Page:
o crime dos imigrantes ilegais

Posted in Uncategorized by teologarte.com.br on 15/07/2009

the crime of illegal immigrants

 

“If you have the right to divide the world into Italians and strangers, I claim the right to divide the world into the disinherited and oppressed on one side, the privileged and oppressors on the other. The former are my countrymen, the latter my foreigners.”

– Don Lorenzo Milani (1923-1967), Italian catholic priest

“Do not mistreat an alien or oppress him, for you were aliens in Egypt.”

– Bible, book of Exodus, chap. 22, v. 21

Brazilian Government announces amnesty to irregular immigrants on 7/2/09 (photo: Isaac Amorim) This article is motivated by two pieces of news announced almost simultaneously: in Italy, a law was passed which turns into a crime the entry or stay of a foreigner in Italian territory without the proper visa; while in Brazil, an amnesty was sanctioned which grants regular status to about sixty thousand foreigners. My family comes partly from Governador Valadares, a Brazilian city famous for sending many of its citizens abroad, but that is not the only reason I should be sensitive to the painful situation of illegal immigrants throughout the world. As a Christian, I read in many texts in the Bible that the people of God has a duty of protecting the rights of orphans, widows and foreigners. Hospitality is –- or should be -– a Christian virtue.

I have not intention of promoting illegal immigration. I would discourage any Brazilian who plans to work illegally in Europe or in the USA, hoping for better life conditions. I know by personal experience that simply living abroad, even in the best of conditions, is already difficult. Sometimes, the adventure may be financially rewarding, but no money can compensate the stigma of living under constant stress in a land that is not your own. In addition, there is the problem of human trafficking, controlled by mafias which recruit their victims with false promises of easy success abroad.

But if encouraging clandestine immigration is out of question, making it a crime seems even more absurd. The only crime committed by the foreigner in irregular situation is not having been given the proper visa. It is true that, technically, that might perfectly be considered a crime, since it is the violation of an existing law. But the fact that criminalization is possible in juridical terms does not automatically make it morally justifiable. We must consider whether the visa system to which we have become used to when travelling abroad is ethically defensible. It is not my intention in this article to discuss details of Italian or Brazilian legal frameworks. To simplify the argument, I use the expression “visa system” in a general way to define the kind of immigration laws which, with more or less rigour, is applied with the same logic, the same goals and the same fundamental characteristics all around the world.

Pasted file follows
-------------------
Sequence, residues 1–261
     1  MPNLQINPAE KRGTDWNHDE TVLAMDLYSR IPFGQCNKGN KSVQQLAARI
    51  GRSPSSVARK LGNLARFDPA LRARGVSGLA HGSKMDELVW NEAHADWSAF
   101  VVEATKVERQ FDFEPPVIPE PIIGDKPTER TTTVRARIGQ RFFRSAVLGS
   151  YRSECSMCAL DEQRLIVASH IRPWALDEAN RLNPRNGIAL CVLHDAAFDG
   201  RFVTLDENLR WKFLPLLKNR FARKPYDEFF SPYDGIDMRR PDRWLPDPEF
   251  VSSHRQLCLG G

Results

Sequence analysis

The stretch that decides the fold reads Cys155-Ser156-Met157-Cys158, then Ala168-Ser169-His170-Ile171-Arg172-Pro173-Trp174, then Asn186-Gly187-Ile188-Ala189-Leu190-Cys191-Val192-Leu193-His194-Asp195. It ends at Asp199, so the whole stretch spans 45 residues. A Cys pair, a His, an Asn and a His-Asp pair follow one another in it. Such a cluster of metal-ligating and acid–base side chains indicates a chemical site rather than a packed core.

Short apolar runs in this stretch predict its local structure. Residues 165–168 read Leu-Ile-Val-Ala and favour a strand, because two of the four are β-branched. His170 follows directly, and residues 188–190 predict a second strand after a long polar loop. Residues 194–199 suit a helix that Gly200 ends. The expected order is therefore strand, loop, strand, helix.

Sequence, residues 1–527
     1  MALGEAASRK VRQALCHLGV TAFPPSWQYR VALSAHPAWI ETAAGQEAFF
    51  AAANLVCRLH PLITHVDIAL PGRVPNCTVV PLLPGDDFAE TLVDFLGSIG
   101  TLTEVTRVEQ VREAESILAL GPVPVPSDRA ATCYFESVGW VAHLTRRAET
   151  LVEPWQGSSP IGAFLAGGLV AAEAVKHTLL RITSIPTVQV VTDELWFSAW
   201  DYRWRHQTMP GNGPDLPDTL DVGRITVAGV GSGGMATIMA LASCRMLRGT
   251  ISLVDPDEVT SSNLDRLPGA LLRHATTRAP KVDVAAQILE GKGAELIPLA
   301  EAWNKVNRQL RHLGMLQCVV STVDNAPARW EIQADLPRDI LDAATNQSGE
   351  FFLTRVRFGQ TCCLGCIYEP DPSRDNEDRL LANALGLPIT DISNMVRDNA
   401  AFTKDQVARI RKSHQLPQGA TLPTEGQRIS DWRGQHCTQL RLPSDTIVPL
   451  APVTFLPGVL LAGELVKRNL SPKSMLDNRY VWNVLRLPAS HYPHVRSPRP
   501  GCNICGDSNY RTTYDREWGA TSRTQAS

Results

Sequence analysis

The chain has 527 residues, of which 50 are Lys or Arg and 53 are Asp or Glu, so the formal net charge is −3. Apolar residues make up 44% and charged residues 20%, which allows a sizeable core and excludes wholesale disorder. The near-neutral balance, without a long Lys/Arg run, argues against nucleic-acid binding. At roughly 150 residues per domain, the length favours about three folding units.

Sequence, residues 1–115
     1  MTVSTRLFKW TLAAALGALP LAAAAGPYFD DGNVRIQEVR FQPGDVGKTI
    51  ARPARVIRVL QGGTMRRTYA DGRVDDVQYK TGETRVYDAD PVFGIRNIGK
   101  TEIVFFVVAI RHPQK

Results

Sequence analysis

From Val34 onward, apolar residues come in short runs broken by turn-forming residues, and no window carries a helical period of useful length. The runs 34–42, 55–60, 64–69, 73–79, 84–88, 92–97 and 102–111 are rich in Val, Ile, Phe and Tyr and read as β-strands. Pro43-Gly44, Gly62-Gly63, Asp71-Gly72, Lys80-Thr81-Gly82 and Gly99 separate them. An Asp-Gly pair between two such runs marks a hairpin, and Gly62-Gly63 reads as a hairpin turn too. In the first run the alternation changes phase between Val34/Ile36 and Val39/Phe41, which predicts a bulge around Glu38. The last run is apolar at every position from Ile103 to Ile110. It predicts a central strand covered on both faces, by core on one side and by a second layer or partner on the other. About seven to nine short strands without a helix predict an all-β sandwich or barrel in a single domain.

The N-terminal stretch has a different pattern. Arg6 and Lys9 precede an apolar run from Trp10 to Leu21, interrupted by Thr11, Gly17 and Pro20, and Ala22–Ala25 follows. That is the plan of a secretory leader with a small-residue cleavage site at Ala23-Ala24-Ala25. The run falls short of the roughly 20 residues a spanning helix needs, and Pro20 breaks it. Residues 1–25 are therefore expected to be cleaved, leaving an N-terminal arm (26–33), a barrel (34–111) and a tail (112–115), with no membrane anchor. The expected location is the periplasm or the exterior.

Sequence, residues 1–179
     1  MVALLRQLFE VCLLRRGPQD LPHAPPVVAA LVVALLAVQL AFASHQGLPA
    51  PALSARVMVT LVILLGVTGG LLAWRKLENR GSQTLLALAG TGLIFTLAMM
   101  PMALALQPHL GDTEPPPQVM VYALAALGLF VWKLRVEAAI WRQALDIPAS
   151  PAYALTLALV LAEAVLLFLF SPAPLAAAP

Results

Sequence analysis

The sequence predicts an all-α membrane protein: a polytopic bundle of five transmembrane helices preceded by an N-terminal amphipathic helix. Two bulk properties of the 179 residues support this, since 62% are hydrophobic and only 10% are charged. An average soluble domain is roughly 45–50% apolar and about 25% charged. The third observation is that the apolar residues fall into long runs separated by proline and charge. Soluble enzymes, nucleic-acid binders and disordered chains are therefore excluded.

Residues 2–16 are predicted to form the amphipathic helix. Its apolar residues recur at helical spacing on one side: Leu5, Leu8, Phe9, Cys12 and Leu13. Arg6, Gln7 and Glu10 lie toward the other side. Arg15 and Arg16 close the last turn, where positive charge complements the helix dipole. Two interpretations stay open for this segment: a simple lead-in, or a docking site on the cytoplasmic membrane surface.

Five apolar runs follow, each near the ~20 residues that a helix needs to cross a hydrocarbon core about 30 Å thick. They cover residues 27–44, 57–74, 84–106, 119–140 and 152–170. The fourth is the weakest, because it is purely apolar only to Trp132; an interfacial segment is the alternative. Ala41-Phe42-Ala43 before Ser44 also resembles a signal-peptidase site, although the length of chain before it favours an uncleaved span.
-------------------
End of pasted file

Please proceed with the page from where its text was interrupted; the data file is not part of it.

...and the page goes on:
The main effect of the visa system is to discriminate between people who can enter or stay in a given territory. In general terms, rules are implemented to allow richer and better off candidates to set up residence in a country, while, at the same time, denying access to less advantaged people. The system encourages the famous ““brain drain”,” which drives better educated people away from poorer countries, in search of better opportunities in the so-called “”developed”” countries. Those in greater need, who would be able to benefit the most from the opportunities in the labor markets in the “first world”, either have their entry denied, or, forced to clandestine status, lose their right to personal dignity. Instead of protecting the poor, the system penalizes them further.